Stories

The IRE Resource Center is a major research library containing more than 27,000 investigative stories.

Most of our stories are not available for download but can be easily ordered by contacting the Resource Center directly at 573-882-3364 or rescntr@ire.org where a researcher can help you pinpoint what you need.

Search results for "screeners" ...

  • The Red Team

    "Nearly six years after 9/11, classified test results leaked to 9NEWs show Transportation Security Administration screeners at Denver International Airport failed to find about 80% of weapons, like bombs and liquid explosives, carried by federal undercover agents called the Red Team. Denver is just one of many airports nationwide that are failing the tests, according to the Dept. of Homeland Security's OIG and US Government Accountability Office."
  • The No-Fly List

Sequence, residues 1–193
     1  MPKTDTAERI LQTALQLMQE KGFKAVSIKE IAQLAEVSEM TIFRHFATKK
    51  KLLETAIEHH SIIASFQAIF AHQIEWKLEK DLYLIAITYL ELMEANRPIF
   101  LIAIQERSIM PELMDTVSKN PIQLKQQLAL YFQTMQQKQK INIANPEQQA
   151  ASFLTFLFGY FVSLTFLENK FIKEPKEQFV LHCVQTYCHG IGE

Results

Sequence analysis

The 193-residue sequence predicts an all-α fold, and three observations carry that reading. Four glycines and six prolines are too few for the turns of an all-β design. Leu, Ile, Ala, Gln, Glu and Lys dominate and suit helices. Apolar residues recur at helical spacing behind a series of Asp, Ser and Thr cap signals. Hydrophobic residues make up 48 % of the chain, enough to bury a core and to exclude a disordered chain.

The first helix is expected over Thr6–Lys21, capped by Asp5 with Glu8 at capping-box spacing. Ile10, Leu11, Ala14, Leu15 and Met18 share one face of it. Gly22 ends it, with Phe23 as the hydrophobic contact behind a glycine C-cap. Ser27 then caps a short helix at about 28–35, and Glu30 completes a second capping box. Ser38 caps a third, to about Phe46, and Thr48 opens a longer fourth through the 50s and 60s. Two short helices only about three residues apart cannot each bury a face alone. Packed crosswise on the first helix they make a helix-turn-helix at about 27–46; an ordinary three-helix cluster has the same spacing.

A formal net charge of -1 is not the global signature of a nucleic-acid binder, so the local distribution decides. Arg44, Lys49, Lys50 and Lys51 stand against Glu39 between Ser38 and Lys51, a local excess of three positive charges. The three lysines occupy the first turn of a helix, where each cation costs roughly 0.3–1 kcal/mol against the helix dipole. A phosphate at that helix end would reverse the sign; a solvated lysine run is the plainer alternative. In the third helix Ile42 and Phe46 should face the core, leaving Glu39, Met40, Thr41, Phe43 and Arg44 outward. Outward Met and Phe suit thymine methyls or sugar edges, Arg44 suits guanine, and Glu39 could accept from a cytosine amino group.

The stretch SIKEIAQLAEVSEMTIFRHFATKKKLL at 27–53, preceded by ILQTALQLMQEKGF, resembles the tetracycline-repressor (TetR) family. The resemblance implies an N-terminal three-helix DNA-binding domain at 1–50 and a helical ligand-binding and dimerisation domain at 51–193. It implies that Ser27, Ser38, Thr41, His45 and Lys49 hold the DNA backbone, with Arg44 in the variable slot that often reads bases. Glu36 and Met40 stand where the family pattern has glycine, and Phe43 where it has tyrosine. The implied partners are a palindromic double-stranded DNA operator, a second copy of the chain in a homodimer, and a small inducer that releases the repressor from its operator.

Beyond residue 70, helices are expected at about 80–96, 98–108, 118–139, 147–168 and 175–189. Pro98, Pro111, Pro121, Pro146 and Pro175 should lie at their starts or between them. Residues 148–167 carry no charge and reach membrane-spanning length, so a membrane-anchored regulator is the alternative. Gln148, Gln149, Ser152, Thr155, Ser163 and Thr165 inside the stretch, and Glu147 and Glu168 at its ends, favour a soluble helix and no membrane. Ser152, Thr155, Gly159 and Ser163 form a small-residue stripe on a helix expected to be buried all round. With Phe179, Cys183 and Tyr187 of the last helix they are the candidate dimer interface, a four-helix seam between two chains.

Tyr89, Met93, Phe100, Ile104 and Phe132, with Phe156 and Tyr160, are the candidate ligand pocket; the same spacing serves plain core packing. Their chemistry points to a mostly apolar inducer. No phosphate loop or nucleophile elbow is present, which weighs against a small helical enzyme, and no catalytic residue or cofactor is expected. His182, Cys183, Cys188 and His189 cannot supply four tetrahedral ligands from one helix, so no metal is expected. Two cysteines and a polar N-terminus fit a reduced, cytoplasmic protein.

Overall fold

CBS News reported that the No-Fly List, compiled after 9/11 to "prevent an Islamic terrorist who's associated with al-Queda from getting on a plane" is "incomplete, inaccurate, outdated, and a source of aggravation to thousands of innocent Americans." The version available to airport screeners is "sanitized of the most sensitive information", because "intelligence agencies that supply the names don't want them circulated to airport employees in foreign countries for fear that they could end up in the hands of terrorists." Before 9/11 the list had 16 names on it; after 9/11, the list grew to include 44 thousand names, not including an additional 75 thousand names on the additional security screening list. Now there's another list: names of people who have shouldn't be on the first list. You have to apply to get on that list. The list airport screeners see has no birth dates or physical descriptions. For the past three years, the TSA has spent about 144 million dollars to develop a program called Secure Flight-- it hasn't been implemented yet.